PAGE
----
The negative electrode is composed of a dispersion of zinc powder in a
gel containing the potassium hydroxide electrolyte. The zinc powder provides
more surface area for chemical reactions to take place, compared to a metal
can. This lowers the internal resistance of the cell. To prevent gassing of the
cell at the end of its life, more manganese dioxide is used than required to
react with all the zinc. Also, plastic-made gasket is usually added to increase
leakage resistance.

Aluminium foil is wrapped as the final process of battery manufacturing,
as a decoration as well as providing superior protection for the battery
compared to a cardboard wrapper. In an alkaline
battery, the negative electrode is zinc, the positive electrode is manganese
dioxide and the electrolyte are potassium hydroxide. Only the zinc and
manganese dioxide are used up during discharging process. The alkaline
electrolyte of potassium hydroxide remains, as there are equal amounts of OH?
consumed and produced.

 

SECONDARY CELLS

LEAD-ACID CELL

Rechargeable Small Sealed Lead Acid (SSLA) batteries are valve-regulated
lead acid batteries (VRLA batteries). They do not require regular addition of
water as compared to primary cells, and they vent less gas than flooded (wet)
lead-acid batteries. Hence, they are often referred to as “maintenance free”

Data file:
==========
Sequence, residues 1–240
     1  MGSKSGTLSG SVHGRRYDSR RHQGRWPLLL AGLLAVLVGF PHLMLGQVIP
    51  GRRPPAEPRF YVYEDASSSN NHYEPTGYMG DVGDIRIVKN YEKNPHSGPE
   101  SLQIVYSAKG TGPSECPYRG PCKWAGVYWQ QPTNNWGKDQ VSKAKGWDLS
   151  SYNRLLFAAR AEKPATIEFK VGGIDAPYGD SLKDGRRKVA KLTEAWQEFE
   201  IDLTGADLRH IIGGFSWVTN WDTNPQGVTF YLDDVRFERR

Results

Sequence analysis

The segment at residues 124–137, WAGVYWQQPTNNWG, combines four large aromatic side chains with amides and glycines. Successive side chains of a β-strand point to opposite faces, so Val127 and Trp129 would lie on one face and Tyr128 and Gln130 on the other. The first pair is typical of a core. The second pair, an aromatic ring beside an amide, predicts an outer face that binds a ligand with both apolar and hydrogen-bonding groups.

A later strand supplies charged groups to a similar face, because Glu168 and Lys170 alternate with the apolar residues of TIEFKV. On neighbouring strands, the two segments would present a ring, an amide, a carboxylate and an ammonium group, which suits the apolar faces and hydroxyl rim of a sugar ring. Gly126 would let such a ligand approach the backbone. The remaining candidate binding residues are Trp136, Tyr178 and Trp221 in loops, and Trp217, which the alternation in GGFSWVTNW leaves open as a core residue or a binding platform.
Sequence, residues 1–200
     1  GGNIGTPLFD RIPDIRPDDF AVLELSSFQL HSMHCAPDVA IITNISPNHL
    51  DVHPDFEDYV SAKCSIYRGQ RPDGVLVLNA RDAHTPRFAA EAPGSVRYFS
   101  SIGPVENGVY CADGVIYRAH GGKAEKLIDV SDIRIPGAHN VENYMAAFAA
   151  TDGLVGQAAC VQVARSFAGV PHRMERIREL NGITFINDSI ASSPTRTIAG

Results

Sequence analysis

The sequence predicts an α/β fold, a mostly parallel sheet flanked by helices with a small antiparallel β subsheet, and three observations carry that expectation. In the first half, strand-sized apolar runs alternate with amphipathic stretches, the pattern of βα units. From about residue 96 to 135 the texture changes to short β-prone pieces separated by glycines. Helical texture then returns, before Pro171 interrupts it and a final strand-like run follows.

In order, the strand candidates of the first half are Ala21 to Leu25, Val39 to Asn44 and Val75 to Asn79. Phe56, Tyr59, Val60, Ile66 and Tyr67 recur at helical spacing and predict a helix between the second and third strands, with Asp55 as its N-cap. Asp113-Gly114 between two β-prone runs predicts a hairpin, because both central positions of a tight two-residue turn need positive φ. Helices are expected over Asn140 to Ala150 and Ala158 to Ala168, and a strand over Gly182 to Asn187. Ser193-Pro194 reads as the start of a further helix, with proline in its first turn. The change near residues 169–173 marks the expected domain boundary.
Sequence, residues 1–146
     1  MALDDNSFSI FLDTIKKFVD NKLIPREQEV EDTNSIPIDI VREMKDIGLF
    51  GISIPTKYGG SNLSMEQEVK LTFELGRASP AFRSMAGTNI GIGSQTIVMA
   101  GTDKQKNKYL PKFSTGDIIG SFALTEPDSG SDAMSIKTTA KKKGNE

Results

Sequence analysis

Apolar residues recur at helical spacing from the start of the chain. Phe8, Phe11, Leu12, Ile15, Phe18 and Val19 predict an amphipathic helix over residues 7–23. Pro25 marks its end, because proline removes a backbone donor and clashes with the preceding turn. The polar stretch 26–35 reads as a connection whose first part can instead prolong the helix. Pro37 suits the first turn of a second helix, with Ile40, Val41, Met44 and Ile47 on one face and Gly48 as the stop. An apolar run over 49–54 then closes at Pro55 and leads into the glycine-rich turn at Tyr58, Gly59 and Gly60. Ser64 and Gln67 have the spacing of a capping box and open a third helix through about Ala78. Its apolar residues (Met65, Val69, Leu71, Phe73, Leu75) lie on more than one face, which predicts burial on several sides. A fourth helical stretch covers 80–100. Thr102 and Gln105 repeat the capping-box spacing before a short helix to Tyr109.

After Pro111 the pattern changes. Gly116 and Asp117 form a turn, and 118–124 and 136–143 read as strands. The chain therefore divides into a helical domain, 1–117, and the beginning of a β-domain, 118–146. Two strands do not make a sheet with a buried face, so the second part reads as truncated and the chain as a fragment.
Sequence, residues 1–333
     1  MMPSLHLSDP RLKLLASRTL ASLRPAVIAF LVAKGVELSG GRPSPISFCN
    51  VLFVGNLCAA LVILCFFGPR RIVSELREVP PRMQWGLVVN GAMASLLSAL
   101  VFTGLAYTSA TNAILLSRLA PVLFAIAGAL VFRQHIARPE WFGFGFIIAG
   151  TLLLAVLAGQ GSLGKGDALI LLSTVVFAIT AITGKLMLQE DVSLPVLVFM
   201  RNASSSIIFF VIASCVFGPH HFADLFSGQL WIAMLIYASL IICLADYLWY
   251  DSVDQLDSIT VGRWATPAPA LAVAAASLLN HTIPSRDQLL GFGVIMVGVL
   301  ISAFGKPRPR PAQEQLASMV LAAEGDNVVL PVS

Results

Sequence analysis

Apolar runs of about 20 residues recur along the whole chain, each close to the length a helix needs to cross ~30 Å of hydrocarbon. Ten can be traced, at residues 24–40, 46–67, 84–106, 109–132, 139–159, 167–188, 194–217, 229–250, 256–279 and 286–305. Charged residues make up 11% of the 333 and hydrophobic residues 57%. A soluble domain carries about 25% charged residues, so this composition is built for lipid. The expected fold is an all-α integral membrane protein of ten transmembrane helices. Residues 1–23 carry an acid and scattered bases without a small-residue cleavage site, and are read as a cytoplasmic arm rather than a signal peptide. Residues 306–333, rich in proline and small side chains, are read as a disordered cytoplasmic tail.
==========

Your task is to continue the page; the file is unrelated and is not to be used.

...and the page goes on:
batteries, as it does not require much maintenance
to maintain it. The reduced venting is an advantage as they can be used
in confined or poorly ventilated spaces.

There are two types of VRLA batteries:

1.   Absorbed
glass mat (AGM) battery

2.  Gel
battery (“Gel Cell”)

An absorbed glass mat battery has the electrolyte absorbed in a
fibre-glass mat separator while a gel cell has the electrolyte mixed with
silica dust to form an stablised gel.

NICKEL CADMIUM BATTERIES

A rechargeable Nickel Cadmium battery in the charged state consist of
nickel hydroxide (NiOOH) in the anode and cadmium (Cd) in the cathode.  Potassium hydroxide (KOH) is normally used
for the electrolyte. Due to their low internal resistance and the very good
current conducting properties, NiCad batteries can supply extremely high
currents and they have the ability to recharge rapidly. In addition, these
cells are capable of sustaining extremely low temperatures (-20°C). The
selection of the separator (nylon or polypropylene) and the electrolyte (KOH,
LiOH, NaOH) affect the voltage conditions in the case of a high current
discharge, the service life and the overcharging capability. Nickel Cadmium
cells generally offer a long service life thereby ensuring a high degree of
economy. For this reason, cells require a safety valve. In the case of misuse,
a very high-pressure may arise quickly.

NICKEL METAL HYDRIDE BATTERIES

A Nickel Metal Hydride Battery is a rechargeable NiMH battery which
consist of nickel hydroxide (NiOOH) in the cathode and a hydrogen storing metal
alloy (MH) in the anode. Potassium hydroxide (KOH) acts as the electrolyte in
this battery setup.  Compared to NiCad
batteries, Nickel Metal Hydride batteries tend to have a much higher energy
density per volume and weight.

LITHIUM ION BATTERIES

Lithium ion battery is a rechargeable battery where the negative